face. "What's the matter?" I asked him, and he said "I just realized that we're all on this tiny, spinning ball in space, and none of us know what's going to happen next!" I laughed at the time, but have remembered that moment randomly over the years. He was correct.
Everything is just highly improbable, and therefore sometimes hard for me to believe. This one little blue and green planet with its oxygen and its water. Being the perfect distance from the Sun. The fact that even
though the tiny Moon and the giant Sun are extreme in their differences of size and distance from this planet during an eclipse they appear to be the exact same size. These are only a few of the things that baffle me, and make me feel like anything at all might happen next. Don't even get me started on the Golden Ratio (1:1.618) or I will spin off into a place I find it hard to return from.
I have the intellectual power to grasp the workings of any system if I apply myself to learning it, but there are so many things to understand that my life-span simply won't allow for it.
Yesterday LM said that there are around five hundred miles of books in the Library of Congress if you put them all in a single row. I am a die-hard bibliophile, but that would torture me. I can enter any library with the intention of choosing a book, and feel obligated to look at each and every one before making my choice. Five hundred miles of books. If I don't pick up and consider each and every book I may miss the book I should read, and I only have a limited amount of time left on this tiny, spinning and improbable planet left to me.
If I choose the wrong book, and the one right next to it was much better suited for me and my need for knowledge I may have wasted that time reading the wrong book. Therefore I must give all of them careful consideration. I am not able to choose a book in a library. I find it ironic that if there were a christian hell designed specifically to torture me for eternity it might look much like the Library of Congress. On the other hand, if I had eternity to read all the books it wouldn't matter which sequence I read them in, so that is what the christian heaven might look like as well.
Bookstores do not torment me in the same way, because there is purchasing involved. I like to buy stuff. I am an American, and well-versed in the art of acquiring things I don't really need, all the time. Since I've stopped reading paper books and only read in the immediate-gratification-world-of-E it has become even easier. I can have a free chapter of any book I want to consider, and if it hooks me I can own it without leaving my chair, in an instant, with only the tap of a link. I currently have twenty or so books waiting for me, and they fill me with the same sense of security that stockpiling cans of food and dried-goods did when I went Y2-crazy back in 1999. Don't infer that I am not always on the lookout for yet another book to add to the list. If I ever reach a state of true booklessness the world will stop spinning. I'm not sure if this is really true, but it's too big a risk to take, I'm not willing to go there.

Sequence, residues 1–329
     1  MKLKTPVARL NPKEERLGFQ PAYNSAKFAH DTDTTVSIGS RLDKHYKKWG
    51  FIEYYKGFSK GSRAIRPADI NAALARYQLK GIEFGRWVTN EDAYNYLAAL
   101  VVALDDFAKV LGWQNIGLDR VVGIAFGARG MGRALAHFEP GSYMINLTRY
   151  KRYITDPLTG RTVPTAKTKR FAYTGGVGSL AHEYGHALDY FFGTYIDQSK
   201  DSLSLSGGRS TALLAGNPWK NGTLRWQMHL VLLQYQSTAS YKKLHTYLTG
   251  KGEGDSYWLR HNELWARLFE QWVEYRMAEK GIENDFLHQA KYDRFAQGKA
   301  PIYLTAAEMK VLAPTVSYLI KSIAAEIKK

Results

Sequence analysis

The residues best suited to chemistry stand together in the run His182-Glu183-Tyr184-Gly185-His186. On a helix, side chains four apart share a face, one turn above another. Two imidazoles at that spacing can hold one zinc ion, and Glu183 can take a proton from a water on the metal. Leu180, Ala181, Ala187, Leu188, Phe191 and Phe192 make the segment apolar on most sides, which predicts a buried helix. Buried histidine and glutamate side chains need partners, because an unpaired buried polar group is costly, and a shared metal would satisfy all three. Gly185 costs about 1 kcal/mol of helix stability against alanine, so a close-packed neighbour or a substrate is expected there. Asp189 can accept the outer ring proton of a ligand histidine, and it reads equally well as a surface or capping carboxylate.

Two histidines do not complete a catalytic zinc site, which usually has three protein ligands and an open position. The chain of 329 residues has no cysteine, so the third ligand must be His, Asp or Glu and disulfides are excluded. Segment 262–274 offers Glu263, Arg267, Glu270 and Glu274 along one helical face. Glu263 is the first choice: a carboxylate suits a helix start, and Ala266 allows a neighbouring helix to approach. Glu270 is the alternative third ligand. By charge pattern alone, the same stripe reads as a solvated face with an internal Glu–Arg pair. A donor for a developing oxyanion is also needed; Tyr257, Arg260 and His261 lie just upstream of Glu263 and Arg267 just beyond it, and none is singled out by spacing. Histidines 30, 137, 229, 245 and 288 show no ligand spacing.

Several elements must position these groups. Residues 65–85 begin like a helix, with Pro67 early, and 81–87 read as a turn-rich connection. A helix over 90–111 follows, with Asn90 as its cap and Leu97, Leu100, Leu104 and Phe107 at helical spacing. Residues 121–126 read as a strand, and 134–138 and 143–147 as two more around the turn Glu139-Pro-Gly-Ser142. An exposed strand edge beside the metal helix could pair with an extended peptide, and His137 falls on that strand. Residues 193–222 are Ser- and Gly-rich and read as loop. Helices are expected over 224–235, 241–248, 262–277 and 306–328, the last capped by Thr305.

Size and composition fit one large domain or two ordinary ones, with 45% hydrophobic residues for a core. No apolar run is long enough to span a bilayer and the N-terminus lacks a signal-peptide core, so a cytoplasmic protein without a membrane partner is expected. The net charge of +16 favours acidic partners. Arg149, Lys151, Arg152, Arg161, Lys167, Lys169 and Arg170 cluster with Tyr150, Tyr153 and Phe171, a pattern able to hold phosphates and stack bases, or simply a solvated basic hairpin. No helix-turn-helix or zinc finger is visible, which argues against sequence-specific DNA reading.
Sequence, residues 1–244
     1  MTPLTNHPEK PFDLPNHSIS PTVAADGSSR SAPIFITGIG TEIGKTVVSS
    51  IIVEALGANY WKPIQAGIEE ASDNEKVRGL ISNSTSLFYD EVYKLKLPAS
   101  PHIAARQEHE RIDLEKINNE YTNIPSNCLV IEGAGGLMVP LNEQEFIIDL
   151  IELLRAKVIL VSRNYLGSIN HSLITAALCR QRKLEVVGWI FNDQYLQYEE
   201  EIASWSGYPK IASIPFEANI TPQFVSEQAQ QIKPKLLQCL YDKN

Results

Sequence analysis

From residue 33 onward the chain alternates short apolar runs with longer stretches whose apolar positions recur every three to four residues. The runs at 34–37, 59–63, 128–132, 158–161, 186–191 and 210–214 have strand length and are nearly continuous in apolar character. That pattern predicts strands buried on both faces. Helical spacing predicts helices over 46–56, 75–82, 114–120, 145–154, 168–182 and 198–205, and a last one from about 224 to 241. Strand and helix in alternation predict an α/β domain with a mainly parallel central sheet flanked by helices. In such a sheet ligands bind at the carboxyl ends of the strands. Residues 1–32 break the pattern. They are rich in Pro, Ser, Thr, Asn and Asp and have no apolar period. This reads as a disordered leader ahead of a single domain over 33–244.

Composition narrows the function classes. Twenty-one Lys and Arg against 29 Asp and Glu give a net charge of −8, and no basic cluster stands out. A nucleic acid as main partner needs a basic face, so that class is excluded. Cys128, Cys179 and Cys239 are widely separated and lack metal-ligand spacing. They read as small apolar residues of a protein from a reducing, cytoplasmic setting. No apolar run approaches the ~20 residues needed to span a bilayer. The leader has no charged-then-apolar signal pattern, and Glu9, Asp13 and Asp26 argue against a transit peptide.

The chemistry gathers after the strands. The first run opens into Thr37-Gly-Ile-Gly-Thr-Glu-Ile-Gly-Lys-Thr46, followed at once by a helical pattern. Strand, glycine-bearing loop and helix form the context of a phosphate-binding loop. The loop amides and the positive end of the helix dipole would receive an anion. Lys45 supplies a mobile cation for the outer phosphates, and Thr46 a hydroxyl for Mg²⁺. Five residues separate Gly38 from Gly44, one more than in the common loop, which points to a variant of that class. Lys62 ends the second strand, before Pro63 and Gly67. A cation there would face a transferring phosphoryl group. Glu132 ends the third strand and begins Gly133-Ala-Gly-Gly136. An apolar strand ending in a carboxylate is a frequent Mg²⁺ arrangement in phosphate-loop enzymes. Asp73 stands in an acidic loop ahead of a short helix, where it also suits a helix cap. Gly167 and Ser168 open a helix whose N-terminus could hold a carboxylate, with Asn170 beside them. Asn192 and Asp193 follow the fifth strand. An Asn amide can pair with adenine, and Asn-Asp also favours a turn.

Amazon's list of "Books you may like" is created by the same type of person who deals drugs on a corner. "Hey, if you liked that, you should try this!" The person who compiles that list knows an addict when they see one coming. There are authors I have read in their entirety, and when I have a chance to pre-order their next book I start to sweat a little, and salivate; sleep comes a little harder each night as the release date draws near.
The only thing that is missing from the world of reading in E format is the smell. I had the opportunity to enter a law library the other day, and its heady perfume was entirely intoxicating. Not only were the books old, and leather-bound, but the words were important and therefore have a stronger scent. I almost had to sit down for a moment I was so overwhelmed.
Add the whole idea of quantum physics to this, and everything is entirely out of control. As Michael said, "Anything from Monopoly could happen." This fills me with a deep sense of unease, and a dire need to read as many books as possible. This will in no way ameliorate any of the possibilities or consequences, but I plan to be as well informed as is feasible when something finally happens.